Without Ameliaranne Ekenasio there is no Netball World Cup title for New Zealand.
Silver Ferns coach Noeline Taurua is rightly being acclaimed following the team's 52-51 win over Australia in the final. Taurua is now one of the all-time greats, with a coaching resume to match or better any New Zealander from any code in any era.
She turned domestic dominance with the Waikato-Bay of Plenty Magic into an astonishing trans-Tasman competition win in 2012. Not done there, she then led the Sunshine Coast Lightning to back-to-back Australian league crowns.
A bit like Robyn Broughton before her, Taurua has always known her own mind. Winners often do. Mediocrity or imposters weren't for her and she was happy to say so. That frightened a few risk-averse Netball New Zealand officials and Taurua was very much a last resort as Silver Ferns coach.
She deserves congratulations for taking the team to a first world title in 16 years but, to go back to the top, it wouldn't have happened without Ekenasio.
Nothing in her career suggested the shooter would have a tournament like this. At the Queensland Firebirds, Central Pulse and in previous Silver Ferns campaigns, Ekenasio had always flattered to deceive.
She looked a good player and athlete, was said to be very coachable, but just couldn't put the ball through the hoop with sufficient regularity. As recently as this year's Pulse championship run, Ekenasio was again a bit of a shooting liability.
Well, not in Liverpool, where the quality and consistency of her performances gave New Zealand a critical competitive edge.
You know what you're going to get from fellow shooter Maria Folau. Year after year, Folau delivers nerveless shooting when it matters and this tournament was no exception.
Likewise, centre Laura Langman, goal defence Casey Kopua and goal keep Jane Watson are proven international performers who Taurua knew would deliver. Then there was Katrina Rore who, while not quite the revelation Ekenasio was, wasn't far from it.
Increasingly small for a circle defender, Rore was pushed out to wing defence where her stature and physicality proved a great asset. Smaller players such as Langman or Sam Sinclair are fine there in franchise competitions, but the pinnacle events call for someone bigger.
Kayla Cullen played that role for New Zealand at the last world cup and this time it was Rore. Not only was she a handful for Diamonds wing attack Kelsey Browne, Rore drove the ball through court with authority as well.
The Silver Ferns' unexpected victory should be one to savour but, unfortunately, our culture of outrage has rather overtaken events.
These pinnacle events generate interest among folk for whom sport is not an everyday thing. They're exposed to teams such as Black Sticks, White Ferns, Black Ferns or Silver Ferns, with whom they weren't previously familiar, and they want to see more of them.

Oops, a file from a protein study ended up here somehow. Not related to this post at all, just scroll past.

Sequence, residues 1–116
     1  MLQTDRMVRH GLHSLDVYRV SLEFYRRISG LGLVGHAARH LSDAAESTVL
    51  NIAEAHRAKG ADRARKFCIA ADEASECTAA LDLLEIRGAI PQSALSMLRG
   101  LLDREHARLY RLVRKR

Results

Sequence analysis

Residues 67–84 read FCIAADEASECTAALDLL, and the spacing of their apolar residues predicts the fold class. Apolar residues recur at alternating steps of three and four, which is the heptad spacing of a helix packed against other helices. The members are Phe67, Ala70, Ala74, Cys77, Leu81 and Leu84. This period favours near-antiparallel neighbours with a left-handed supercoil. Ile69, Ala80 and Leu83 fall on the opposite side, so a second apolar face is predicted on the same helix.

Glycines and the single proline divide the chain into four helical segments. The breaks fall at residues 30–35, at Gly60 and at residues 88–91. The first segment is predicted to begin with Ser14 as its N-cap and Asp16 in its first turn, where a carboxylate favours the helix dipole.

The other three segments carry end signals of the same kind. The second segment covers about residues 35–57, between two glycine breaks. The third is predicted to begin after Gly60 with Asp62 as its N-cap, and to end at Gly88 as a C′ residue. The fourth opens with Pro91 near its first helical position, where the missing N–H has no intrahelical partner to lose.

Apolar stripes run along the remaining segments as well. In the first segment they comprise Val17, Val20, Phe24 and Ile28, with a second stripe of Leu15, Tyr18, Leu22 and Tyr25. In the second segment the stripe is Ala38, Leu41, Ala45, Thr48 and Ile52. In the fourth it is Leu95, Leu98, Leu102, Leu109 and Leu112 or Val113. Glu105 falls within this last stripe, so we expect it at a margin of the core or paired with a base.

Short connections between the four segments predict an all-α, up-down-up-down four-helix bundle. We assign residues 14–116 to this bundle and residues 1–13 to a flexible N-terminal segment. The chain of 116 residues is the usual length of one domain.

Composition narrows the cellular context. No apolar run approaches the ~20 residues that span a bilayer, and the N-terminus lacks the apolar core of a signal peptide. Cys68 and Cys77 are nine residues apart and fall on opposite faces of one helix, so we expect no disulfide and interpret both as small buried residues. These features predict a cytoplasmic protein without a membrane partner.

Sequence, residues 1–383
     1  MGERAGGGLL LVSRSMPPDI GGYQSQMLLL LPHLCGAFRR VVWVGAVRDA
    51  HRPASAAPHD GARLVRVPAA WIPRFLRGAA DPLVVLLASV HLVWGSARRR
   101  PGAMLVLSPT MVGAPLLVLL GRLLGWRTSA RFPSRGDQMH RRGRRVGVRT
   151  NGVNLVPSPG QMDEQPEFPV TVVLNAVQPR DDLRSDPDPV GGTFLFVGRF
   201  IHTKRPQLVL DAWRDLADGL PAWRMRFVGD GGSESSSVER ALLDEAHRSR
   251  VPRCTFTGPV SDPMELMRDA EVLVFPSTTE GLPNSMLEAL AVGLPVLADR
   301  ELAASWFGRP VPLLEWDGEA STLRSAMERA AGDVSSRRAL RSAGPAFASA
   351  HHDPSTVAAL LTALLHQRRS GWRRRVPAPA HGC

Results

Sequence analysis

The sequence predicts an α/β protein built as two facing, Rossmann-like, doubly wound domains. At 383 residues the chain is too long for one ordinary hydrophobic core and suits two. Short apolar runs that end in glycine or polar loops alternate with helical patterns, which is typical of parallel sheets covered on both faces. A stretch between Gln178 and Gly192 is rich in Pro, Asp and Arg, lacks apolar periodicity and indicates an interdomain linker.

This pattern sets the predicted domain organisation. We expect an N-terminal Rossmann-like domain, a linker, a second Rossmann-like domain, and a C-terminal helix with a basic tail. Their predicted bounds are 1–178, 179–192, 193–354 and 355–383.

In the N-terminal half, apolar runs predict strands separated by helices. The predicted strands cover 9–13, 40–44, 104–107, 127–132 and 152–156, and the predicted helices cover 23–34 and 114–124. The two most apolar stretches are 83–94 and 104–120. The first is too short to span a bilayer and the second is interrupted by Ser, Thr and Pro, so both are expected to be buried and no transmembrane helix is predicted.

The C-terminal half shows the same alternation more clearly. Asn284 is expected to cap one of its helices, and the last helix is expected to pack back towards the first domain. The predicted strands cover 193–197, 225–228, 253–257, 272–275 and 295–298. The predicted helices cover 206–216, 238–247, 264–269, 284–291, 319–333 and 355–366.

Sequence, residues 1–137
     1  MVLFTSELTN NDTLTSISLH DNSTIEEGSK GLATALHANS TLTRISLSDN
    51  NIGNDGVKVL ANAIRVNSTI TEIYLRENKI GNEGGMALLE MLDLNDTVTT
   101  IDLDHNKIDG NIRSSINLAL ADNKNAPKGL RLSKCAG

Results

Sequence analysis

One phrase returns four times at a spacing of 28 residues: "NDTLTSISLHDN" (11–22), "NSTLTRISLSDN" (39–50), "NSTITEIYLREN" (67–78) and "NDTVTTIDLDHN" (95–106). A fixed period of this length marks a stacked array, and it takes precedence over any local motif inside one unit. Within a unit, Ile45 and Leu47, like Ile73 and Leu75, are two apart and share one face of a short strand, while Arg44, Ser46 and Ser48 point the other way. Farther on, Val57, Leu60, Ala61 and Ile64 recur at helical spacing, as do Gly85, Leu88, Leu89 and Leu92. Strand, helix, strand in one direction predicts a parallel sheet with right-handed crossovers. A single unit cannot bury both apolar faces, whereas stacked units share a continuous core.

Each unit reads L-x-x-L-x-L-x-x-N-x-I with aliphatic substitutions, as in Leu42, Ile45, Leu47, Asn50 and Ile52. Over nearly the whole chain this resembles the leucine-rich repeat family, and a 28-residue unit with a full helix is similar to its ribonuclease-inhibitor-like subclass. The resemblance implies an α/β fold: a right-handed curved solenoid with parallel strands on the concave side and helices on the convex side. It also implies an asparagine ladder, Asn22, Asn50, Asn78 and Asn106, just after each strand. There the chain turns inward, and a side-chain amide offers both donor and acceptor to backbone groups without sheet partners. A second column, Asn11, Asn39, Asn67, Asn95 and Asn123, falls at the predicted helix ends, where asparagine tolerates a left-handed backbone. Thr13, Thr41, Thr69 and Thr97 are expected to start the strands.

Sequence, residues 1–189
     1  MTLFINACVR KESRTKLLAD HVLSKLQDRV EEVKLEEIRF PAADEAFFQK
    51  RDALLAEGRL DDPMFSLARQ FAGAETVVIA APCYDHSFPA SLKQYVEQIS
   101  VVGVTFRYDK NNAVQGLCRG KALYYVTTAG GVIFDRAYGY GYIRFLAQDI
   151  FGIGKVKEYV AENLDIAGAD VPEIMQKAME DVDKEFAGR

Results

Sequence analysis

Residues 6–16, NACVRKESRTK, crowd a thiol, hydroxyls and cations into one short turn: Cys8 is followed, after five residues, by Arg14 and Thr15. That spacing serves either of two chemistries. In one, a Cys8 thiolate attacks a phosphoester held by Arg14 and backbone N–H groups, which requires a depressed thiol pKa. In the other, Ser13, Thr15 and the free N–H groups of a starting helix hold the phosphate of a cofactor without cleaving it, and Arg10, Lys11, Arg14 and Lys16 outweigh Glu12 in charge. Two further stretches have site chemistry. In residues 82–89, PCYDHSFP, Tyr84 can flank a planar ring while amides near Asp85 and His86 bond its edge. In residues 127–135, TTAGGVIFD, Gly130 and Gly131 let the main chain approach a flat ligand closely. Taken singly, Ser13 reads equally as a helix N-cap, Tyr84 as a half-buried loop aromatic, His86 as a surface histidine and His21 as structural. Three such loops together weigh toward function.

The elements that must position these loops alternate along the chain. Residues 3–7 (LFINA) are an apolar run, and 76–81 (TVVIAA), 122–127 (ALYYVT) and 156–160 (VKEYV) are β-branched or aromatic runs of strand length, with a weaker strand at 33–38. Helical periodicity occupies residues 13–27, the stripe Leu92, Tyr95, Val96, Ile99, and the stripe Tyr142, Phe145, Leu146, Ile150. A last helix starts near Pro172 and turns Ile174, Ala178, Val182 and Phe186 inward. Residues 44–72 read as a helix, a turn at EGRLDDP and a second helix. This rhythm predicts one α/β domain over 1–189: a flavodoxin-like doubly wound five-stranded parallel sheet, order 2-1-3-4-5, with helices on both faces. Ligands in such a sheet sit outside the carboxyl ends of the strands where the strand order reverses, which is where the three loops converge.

They like their stories and their personalities and they feel it's an injustice that these athletes aren't making a fortune or receiving regular exposure through professional competitions.
They can hardly go onto a news app or turn on the TV without seeing some overpaid All Black and they want the same opportunities afforded to female athletes.
The money thing clearly irks people and, sure, you can point to the $3 million the Black Caps divided between them for being Cricket World Cup runners-up. But the fact is that the Black Caps and Silver Ferns earn about the same from their national bodies.
The difference is Twenty20 leagues, which New Zealand Cricket amend their schedules to accommodate because it allows the players to get money they could never afford to pay them.
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People say a top Silver Fern earns about $130,000 and All Blacks captain Kieran Read is on 10 times that.
Most All Blacks aren't on that money, though, which, again, is why New Zealand Rugby (NZR) encourages contracts and sabbaticals in Japan. Guys stay in New Zealand for below their global market rate and these gigs in Japan allow NZR to retain more of them.
We're quick to accuse NZR of all sorts of things, but it's not their fault that there's no Japan-based league for elite netballers. Equally, if the International Cricket Council offer prize money at men's world cups, you can't begrudge the Black Caps taking it.
It's a shame that these apples with oranges comparisons have to overshadow what should be grounds for great celebration. After the Silver Ferns' abject Commonwealth Games campaign of a year ago, this gold-medal win must rate among the very finest moments in New Zealand netball history.
It wouldn't have happened without Ekenasio's peerless performances and yet, rather than celebrate achievement, we're arguing about who's more entitled to their pay cheques.